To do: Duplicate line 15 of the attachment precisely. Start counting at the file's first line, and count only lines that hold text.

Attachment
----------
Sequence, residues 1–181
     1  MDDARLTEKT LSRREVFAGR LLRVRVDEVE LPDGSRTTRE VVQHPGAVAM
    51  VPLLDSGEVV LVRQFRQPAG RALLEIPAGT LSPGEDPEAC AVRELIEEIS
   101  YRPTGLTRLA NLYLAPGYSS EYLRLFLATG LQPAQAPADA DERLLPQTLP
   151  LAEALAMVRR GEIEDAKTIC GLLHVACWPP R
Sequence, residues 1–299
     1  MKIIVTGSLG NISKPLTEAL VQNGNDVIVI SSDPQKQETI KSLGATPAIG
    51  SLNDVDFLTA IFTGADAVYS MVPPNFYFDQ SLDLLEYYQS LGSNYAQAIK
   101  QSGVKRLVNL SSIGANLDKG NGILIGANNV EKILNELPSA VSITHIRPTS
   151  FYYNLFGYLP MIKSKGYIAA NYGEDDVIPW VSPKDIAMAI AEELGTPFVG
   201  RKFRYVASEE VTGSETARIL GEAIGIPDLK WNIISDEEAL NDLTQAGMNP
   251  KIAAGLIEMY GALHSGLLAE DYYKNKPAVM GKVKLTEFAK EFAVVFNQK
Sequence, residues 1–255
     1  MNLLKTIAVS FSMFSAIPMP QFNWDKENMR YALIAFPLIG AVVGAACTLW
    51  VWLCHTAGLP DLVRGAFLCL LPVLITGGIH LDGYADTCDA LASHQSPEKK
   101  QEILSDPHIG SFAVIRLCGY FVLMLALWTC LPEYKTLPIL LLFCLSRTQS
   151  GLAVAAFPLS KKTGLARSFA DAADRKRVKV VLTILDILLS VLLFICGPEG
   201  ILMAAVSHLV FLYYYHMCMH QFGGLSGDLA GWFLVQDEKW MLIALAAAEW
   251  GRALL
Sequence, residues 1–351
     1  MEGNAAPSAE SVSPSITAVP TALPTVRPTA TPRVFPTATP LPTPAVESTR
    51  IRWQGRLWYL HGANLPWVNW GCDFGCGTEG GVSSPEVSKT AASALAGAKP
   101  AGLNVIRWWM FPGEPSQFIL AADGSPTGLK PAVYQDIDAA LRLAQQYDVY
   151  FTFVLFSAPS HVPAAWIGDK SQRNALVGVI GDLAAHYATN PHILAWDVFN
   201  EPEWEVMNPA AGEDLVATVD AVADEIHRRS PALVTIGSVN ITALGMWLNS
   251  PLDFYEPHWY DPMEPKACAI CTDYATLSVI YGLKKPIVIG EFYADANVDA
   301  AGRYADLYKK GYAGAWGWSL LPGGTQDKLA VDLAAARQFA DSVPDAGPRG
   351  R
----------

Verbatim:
    51  VWLCHTAGLP DLVRGAFLCL LPVLITGGIH LDGYADTCDA LASHQSPEKK